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Old 05-21-2012, 09:43 PM  
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Science is Cool....

This is a repository for all cool scientific discussion and fascination. Scientific facts, theories, and overall cool scientific stuff that you'd like to share with others. Stuff that makes you smile and wonder at the amazing shit going on around us, that most people don't notice.

Post pictures, vidoes, stories, or links. Ask questions. Share science.

This is in support of the Penny 4 NASA project. If you enjoy anything you learned from this thread, consider making a donation and signing the petition.

http://www.penny4nasa.org/

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Old 06-27-2014, 08:18 PM   #1921
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****, I figured out how to solar power for part of America.

Maybe.

1) Put the solar arrays all through the sunniest areas of the country.
2) Pump or passively drain seawater from the Pacific and Gulf of Mexico into those Sunny areas into holding tanks underground.
3) Lay piplelines from these solar arrays to urban areas.
4) Use the solar arrays to heat the water either through direct sunlight or through active electric elements to the point it's steam.
5) ????
6) Channel the steam through these pipes to urban areas where the steam turns turbines providing electricity.
7) ???
8) probably not profit!
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Old 06-27-2014, 10:43 PM   #1922
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Quote:
Originally Posted by Discuss Thrower View Post
****, I figured out how to solar power for part of America.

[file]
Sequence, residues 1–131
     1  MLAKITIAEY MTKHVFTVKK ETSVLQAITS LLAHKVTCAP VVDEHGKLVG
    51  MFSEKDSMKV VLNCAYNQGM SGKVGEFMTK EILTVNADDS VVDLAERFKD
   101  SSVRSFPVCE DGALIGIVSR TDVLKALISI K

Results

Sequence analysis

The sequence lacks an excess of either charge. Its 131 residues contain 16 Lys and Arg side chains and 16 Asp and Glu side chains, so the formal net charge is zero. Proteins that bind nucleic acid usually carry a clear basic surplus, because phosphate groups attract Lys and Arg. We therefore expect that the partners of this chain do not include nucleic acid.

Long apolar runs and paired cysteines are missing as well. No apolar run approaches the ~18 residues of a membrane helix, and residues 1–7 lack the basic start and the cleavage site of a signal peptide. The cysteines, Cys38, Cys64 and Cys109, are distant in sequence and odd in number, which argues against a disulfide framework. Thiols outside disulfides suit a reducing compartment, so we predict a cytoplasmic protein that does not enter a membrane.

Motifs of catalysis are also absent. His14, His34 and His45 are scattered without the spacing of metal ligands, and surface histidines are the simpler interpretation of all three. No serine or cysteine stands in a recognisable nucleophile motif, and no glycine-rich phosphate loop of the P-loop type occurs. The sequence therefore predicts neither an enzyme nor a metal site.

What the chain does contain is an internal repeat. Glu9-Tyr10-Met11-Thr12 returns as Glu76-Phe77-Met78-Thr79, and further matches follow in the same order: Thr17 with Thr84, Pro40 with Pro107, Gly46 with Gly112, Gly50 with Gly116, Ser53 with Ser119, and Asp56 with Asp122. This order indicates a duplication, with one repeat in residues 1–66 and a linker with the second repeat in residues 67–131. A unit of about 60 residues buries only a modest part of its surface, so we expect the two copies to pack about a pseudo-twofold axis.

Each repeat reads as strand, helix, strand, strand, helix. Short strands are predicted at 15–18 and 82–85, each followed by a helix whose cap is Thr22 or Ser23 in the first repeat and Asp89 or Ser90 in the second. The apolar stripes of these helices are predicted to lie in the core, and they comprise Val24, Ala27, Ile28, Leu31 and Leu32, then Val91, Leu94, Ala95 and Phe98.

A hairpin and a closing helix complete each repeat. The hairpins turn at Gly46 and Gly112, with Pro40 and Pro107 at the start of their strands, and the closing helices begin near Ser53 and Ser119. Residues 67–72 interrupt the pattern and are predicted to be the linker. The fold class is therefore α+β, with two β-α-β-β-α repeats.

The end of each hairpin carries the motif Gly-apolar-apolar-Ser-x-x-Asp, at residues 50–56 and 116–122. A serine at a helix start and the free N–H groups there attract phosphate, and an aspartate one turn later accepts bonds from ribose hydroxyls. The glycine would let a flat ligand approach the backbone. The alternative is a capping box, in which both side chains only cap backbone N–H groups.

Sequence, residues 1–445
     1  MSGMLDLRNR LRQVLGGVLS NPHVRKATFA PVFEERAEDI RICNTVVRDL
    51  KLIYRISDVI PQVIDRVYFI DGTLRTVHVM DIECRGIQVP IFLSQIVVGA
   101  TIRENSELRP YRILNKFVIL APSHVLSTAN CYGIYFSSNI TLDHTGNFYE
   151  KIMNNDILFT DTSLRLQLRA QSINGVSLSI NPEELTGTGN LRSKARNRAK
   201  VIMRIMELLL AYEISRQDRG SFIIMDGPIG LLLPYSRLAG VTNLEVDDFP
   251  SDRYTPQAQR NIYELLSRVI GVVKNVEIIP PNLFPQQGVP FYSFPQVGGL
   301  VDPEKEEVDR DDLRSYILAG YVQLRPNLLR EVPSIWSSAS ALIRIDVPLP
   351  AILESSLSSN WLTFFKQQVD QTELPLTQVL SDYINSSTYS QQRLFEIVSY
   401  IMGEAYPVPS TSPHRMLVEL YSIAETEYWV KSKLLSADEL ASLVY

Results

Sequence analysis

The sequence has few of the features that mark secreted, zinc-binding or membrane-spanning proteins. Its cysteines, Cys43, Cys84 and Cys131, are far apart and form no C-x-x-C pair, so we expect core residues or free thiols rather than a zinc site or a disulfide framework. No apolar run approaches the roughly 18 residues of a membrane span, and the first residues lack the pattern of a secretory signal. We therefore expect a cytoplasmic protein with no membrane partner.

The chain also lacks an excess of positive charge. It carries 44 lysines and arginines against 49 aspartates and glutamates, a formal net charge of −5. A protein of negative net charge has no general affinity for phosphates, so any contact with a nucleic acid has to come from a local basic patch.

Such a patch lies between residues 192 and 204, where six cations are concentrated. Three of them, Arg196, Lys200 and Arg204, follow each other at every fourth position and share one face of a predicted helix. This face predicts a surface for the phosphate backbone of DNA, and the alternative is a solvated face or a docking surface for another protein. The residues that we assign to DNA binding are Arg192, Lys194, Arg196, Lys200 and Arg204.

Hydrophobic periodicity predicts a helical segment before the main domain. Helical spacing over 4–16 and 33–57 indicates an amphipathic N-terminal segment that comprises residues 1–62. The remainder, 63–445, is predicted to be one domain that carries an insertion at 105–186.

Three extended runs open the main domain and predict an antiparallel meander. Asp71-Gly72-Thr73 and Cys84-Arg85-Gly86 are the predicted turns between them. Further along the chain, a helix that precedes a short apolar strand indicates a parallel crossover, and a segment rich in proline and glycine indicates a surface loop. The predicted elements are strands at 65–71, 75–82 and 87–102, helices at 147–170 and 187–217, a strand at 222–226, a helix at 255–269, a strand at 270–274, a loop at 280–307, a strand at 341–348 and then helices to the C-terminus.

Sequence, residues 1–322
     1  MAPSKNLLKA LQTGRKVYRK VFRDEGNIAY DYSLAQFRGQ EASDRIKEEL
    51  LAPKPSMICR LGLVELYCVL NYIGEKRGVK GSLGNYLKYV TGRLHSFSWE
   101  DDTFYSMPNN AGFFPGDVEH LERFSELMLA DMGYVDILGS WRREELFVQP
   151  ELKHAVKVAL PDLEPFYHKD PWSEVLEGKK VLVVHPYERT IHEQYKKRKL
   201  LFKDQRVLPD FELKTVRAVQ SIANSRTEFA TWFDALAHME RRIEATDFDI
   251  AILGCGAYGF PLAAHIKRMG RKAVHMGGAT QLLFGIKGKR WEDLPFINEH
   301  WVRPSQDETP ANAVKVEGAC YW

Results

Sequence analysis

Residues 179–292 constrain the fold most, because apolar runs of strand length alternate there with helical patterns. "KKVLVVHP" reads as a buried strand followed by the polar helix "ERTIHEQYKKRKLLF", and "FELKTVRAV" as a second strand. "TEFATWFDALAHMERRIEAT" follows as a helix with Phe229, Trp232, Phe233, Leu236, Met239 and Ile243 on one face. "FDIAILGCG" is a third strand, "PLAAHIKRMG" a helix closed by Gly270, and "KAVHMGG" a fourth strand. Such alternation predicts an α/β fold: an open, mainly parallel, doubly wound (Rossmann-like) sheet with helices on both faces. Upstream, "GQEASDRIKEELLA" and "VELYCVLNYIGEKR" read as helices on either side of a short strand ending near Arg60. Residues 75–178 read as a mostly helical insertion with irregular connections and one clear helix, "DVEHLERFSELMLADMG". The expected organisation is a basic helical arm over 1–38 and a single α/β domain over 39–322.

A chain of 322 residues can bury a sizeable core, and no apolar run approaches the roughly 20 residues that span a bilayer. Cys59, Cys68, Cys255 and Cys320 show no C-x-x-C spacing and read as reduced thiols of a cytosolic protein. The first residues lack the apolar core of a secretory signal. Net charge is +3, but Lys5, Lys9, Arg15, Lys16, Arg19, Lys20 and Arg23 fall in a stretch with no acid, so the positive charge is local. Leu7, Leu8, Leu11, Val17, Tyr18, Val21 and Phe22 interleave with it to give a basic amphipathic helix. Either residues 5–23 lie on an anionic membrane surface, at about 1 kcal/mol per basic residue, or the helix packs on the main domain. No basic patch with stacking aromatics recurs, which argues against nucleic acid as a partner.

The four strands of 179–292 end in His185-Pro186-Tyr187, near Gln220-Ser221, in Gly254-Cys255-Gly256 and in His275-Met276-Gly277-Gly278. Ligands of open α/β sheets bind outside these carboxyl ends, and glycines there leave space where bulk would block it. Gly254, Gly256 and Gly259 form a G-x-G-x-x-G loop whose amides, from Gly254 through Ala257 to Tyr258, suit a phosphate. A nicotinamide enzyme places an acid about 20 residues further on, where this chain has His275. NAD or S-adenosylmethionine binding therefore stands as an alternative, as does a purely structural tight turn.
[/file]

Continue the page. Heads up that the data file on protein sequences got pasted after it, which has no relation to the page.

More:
Maybe.

1) Put the solar arrays all through the sunniest areas of the country.
2) Pump or passively drain seawater from the Pacific and Gulf of Mexico into those Sunny areas into holding tanks underground.
3) Lay piplelines from these solar arrays to urban areas.
4) Use the solar arrays to heat the water either through direct sunlight or through active electric elements to the point it's steam.
5) ????
6) Channel the steam through these pipes to urban areas where the steam turns turbines providing electricity.
7) ???
8) probably not profit!
Throw in natural gas, responsible oil production, spend some real money to clean up coal... and maybe throw in some massive solar arrays, wind turbines, using oceanic wave action to produce power and anything else we can think of, invest in it.
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Old 06-29-2014, 01:54 AM   #1923
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Old 07-05-2014, 02:19 PM   #1924
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http://www.cbc.ca/news/technology/ea...says-1.2696945
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Earth-like planets Gliese 581 g and d likely don't exist, study says
New method to account for star signals another blow to controversial planets
Another study has cast doubt on the existence of two of the first Earth-sized planets "discovered" outside our solar system that could potentially host liquid water, and therefore life. But it may also have uncovered a way to make detecting new planets easier.

When the discovery of Gliese 581 g was announced in 2010, there was a lot of excitement because it was in the habitable zone of its red dwarf star – the "Goldilocks" region – not too hot and not too cold – where liquid water, and therefore life, could potentially exist. The planet appeared to be just 1.2 to 1.4 times larger than Earth, and therefore likely to have a rocky surface.

Another planet in the system, Gliese 581 d, announced in 2007, was on the edge of the habitable zone.